On a recent trip out to the Western Highlands of Central Queensland, our technicians traversed the wheatfields of Springsure, so named from the many springs in the creeks and gullies at the time of settlement in the 1860’s.


The region around Springsure was first explored by Ludwig Leichhardt during his 1844-45 journey through Central Queensland.  His glowing reports of the area around the Comet River prompted glaziers to set up camp in the area around 1859 though it wasn’t properly surveyed and gazetted until 1863.

In spite of resistance from the original owners of the land, the township of Springsure continued to attract a variety of settlers including graziers of both cattle and sheep.

In recent times, extensive irrigation on the rich black clay soil has been used to produce a range of crops including wheat and sunflowers.  You can imagine the spectacular display of sunflowers when they’re in bloom at the south of the town.


Virgin Rock is the most notable park you can visit by travelling 4kms out of town on the Emerald Road.  The Mount Zamia Environmental Park is 4 kms to the west of the town on the Tambo Road and the spectacular Carnarvon Gorge National Park can be explored via Rolleston to the south of the town.

In 1932, 65,000 acres was proclaimed a National Park with another 1,480 added in 1954.  The Carnarvon Gorge itself  runs over 30 kms and varies in width from 40 to 400 metres.  The caves and cliffs were a popular place for Aboriginal art containing some of the finest examples of indigenous painting using the technique of blowing pigment over stencil in red ochre and white, black and yellow.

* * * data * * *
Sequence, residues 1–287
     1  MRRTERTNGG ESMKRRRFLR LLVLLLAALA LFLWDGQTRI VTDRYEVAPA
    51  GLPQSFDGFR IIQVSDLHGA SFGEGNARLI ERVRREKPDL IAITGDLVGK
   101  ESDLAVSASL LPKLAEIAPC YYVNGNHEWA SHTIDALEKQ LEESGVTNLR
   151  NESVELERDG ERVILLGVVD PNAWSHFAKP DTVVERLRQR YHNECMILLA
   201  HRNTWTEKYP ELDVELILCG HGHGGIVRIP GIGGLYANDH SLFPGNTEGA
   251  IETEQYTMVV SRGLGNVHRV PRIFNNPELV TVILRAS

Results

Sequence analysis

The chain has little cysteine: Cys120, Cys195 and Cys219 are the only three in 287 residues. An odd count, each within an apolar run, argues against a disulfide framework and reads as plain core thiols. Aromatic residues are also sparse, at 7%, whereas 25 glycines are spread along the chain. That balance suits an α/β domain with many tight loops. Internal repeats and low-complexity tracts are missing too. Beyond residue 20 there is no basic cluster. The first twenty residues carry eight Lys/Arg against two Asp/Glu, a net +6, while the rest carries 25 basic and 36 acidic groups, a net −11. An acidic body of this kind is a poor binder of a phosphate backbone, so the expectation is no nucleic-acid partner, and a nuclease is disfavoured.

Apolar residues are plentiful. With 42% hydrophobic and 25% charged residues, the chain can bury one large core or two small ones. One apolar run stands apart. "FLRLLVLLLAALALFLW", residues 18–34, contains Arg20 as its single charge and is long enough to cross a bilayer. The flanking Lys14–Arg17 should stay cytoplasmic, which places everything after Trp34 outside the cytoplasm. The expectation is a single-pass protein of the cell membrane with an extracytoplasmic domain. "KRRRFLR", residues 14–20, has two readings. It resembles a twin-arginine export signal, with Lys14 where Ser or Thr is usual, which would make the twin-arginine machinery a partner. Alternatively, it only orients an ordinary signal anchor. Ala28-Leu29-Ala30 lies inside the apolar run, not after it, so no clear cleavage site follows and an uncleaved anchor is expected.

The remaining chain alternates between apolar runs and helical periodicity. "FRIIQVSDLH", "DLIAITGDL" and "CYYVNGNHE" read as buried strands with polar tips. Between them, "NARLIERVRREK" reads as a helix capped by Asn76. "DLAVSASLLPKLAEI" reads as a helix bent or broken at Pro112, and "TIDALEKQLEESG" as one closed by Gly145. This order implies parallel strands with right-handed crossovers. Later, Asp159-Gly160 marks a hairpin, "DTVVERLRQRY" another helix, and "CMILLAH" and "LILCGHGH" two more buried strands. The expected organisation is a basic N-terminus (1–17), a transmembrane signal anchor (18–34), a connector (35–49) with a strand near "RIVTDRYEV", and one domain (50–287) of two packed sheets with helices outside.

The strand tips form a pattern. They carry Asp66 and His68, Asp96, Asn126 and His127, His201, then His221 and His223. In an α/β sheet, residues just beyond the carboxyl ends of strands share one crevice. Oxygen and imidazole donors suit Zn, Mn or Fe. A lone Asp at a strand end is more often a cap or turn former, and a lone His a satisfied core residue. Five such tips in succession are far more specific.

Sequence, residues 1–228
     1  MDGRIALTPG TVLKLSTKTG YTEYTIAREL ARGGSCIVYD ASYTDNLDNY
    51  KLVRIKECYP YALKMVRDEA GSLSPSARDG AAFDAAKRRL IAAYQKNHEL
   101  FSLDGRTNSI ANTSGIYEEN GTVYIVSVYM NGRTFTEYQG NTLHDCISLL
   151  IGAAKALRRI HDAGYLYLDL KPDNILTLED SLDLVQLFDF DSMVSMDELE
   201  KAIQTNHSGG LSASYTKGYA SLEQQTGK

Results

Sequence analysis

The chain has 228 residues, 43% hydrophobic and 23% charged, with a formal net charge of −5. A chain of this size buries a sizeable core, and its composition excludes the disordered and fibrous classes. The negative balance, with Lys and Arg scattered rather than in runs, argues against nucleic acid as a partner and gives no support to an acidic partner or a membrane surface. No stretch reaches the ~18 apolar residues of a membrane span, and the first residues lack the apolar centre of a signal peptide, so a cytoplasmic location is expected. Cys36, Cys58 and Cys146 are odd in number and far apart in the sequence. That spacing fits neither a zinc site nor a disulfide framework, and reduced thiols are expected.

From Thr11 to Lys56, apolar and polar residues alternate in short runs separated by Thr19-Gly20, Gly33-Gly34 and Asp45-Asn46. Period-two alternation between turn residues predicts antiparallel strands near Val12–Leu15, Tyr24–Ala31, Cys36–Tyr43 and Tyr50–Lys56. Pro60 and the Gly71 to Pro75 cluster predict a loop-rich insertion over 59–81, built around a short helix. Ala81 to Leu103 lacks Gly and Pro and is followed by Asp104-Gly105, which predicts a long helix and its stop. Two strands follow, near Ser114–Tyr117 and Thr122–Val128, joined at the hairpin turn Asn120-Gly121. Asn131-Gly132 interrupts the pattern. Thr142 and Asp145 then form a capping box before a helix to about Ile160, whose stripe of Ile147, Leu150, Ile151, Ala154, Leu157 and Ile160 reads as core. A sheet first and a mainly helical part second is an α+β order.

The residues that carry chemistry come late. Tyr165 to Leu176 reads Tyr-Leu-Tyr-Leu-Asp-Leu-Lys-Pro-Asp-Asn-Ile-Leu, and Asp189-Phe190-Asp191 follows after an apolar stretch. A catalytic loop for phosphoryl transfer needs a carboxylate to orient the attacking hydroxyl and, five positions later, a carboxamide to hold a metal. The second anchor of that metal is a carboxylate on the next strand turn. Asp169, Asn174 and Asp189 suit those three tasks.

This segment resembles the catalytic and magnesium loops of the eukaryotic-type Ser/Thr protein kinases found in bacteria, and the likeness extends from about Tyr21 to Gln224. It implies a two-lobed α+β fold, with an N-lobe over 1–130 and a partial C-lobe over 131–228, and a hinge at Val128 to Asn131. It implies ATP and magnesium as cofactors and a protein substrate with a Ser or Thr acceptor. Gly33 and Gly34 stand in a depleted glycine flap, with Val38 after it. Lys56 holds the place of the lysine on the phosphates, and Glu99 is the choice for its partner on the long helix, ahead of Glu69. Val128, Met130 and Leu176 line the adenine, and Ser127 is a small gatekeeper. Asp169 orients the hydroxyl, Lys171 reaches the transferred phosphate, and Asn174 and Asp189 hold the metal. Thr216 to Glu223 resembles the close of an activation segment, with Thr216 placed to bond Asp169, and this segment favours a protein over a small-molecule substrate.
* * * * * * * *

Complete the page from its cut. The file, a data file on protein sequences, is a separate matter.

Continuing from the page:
There’s lots of historical places to visit including the old Rainworth Station which comprises the Cairdbeign School dating back to 1896 and the Cairdbeign Homestead which is a seven roomed slab  homestead built around 1870.  Springsure boasts 2 museums and the Pattern Comet Windmill built in 1935 by the Sidney Williams Company of Rockhampton.  It has a diameter of 24 feet (just under 7.5m) and the head weighs 2.4 tonnes.  It was originally erected at Johnnies Bore on Cungellela Station near Springsure but was moved to its current location in the Jaycees Park.


If you live in the area and need assistance with any IT issues, you can send us and email at ontheroad@thecomputerworkshop.com.au or call us on 4721 1000.